Along with advanced swine genetics (for the day), Lubbock Swine Breeders realised that to support sales, they needed to develop breeding, gestation and farrowing systems. So they started a company called Hog Builders to build new farms. The modern farm system was so new, that they gave a tour to reporters. The video tour can be found on our web site and is instructive about how the new concept was presented in 1964.

In 1964, Lubbock Swine Breeders had sows in gestation and farrowing crates. They also experimented with tethers and indoor-outdoor systems. They settled on the crate throughout the life of the adult pig, as did other newer farms from 1970 to the present in the US.

Why did the crate develop popularity?

We searched the US ‘pig press’ for the first stories about gestation crates. One of the first pictures of sows in gestation crates was originally published in 1968, in an issue of Hog Farm Management, a magazine which is no longer published. While gestation crates were an experimental system in the 1950s, they were common amongst newer facilities in the 1970s. As farms remodelled and were built, the crate became more common.

We know that the development in the US was in parallel with systems in Europe. But Europe has a much longer history of pork production than the US. We know from recent work that pigs were domesticated in Cyprus more than 11,400 years ago. The systems were simple at the start and they developed into more complex production systems over time.

Seaton Baxter published a seminal book in 1984 called Intensive Pig Production giving details of intensive pig production. At this same time, Stan Curtis, a renowned faculty member at the University of Illinois (US) was publishing a weekly newspaper called ‘Confinement’. Indeed, industrial pig farming was celebrated as a modern application of advanced technology for the good of the pig and to the economic benefit of both pork producers and consumers.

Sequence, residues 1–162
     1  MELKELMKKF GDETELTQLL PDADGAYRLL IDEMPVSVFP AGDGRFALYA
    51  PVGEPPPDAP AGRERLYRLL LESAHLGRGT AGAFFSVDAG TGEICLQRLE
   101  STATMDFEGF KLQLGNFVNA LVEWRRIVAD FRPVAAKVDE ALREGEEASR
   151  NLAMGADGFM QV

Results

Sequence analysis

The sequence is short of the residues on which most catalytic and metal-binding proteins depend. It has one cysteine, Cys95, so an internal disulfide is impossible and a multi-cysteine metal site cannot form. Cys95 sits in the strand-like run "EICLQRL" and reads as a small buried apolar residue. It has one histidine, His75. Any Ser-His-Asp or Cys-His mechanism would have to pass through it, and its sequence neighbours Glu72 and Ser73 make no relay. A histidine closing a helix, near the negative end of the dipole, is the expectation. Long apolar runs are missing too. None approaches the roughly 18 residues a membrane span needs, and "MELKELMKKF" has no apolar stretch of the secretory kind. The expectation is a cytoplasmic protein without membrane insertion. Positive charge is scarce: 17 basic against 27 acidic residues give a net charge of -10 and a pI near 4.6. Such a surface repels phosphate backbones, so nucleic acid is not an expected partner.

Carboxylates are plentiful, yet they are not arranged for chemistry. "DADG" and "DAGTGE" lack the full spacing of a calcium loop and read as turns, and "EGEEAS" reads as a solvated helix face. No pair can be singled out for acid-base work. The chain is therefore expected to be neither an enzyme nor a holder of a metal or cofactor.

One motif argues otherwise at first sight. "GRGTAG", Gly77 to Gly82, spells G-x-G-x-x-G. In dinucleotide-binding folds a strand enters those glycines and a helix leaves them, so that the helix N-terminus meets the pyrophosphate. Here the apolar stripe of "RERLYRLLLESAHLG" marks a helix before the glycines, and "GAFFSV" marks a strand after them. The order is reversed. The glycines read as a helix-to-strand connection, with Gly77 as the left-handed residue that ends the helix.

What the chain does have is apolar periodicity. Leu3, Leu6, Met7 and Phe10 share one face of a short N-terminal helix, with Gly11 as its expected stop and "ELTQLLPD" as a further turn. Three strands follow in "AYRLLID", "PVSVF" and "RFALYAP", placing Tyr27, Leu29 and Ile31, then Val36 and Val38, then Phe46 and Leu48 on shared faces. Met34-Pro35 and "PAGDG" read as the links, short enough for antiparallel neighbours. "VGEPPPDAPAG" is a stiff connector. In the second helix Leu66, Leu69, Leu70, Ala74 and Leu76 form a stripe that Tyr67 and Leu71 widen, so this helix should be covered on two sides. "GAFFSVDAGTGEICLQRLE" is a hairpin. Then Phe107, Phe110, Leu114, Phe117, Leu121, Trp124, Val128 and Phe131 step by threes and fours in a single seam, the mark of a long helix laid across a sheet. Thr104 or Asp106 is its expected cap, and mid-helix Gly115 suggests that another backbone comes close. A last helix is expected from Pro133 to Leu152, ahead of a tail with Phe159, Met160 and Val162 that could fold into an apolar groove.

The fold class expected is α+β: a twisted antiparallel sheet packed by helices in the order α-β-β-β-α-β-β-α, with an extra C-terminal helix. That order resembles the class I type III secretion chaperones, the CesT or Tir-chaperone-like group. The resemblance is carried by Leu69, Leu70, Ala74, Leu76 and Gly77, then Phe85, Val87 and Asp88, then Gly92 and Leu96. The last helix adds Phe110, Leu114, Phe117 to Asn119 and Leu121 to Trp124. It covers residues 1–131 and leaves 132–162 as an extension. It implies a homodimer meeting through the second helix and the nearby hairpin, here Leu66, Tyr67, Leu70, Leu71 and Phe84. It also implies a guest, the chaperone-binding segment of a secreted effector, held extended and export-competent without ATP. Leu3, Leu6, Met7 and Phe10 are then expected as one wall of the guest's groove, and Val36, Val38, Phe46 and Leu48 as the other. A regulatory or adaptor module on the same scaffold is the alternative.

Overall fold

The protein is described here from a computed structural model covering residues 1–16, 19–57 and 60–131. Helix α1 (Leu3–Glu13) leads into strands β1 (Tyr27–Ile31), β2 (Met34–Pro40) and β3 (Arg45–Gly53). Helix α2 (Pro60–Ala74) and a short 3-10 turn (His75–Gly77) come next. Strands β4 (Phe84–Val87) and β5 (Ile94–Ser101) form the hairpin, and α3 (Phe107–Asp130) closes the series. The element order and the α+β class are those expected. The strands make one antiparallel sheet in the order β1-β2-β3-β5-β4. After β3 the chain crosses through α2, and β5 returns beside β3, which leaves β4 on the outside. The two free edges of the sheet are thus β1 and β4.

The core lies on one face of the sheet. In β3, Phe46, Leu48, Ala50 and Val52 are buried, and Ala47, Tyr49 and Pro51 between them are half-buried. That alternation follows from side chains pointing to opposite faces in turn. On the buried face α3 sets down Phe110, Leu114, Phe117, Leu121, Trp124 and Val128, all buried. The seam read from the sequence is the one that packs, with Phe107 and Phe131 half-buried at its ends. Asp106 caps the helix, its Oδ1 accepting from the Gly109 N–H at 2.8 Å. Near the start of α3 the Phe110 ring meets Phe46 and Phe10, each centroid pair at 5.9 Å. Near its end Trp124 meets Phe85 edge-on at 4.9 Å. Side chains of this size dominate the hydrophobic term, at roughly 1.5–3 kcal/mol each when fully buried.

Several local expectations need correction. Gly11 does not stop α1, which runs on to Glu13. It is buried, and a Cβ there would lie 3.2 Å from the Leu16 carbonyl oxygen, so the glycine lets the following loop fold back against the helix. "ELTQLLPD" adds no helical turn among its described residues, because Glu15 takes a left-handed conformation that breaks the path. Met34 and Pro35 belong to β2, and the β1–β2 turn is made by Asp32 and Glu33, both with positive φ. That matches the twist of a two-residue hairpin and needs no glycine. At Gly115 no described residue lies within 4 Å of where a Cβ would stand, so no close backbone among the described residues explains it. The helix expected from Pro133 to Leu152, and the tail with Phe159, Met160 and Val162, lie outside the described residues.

Baxter reported a system of called ‘pig cases’ from 1807 in the UK. The figure shows an excerpt from Seaton’s book (published by Granda Press, no longer in business) that shows the ‘pig cases’. Seaton reports that Arthur Young wrote about Mr Pattison’s pig cases: “…each to contain a pig, and to fit him as near as may be when he is in, he cannot attempt to turn himself around…” So the crate is not new.

The crate was a natural evolution of a production system when healthy pigs and a low cost of production were the primary goals. First pigs were hunted (before 11,400 year ago and through to today) and eaten. Then, people discovered that if they just threw food scraps outside the fence, the pigs would come eat it. In medieval times, a person might blow a trumpet to call the pigs and then throw the food beyond the wall of the city. Pigs had a Pavlovian response to the horn and learned to come running.

Then, people planted trees that provided food for pigs when the fruits or acorns dropped. Then, they placed the pigs in fenced pastures. Then, they were kept in outdoor pens. Then largely to solve parasite problems, pigs were put in indoor-outdoor systems. Then just indoors in groups. Then, individual crates were developed. The idea of a crate is not new, but its specifications have been refined in the past few decades to be an efficient system. The main reason sows are kept in gestation crates is economics.

The cost of production is lower because the housing space per sow is less for the crate than for group housing. Crates occupy 1.3 m2 while grouped sows require more than 1.8 m2 per sow. If sow housing (building and penning material) is 7% of the cost of production of a finished pig, then to increase floor space is 38% higher or about 2.5% of the cost of production of the live pig. While one could argue that the 2.5% is really 1%; it matters not – the push back from conversion is primarily economic. True, sows in groups fight more and it is more difficult to manage feed intake. However, the overall productivity for sows in groups or pens are equal. If laws or markets demand use of group housing, then the producer is obligated to use group housing. If no laws or market requirements are in place, then economics drives the use of the crate. If one considers only cost of production, then the crate is a natural evolution of production systems.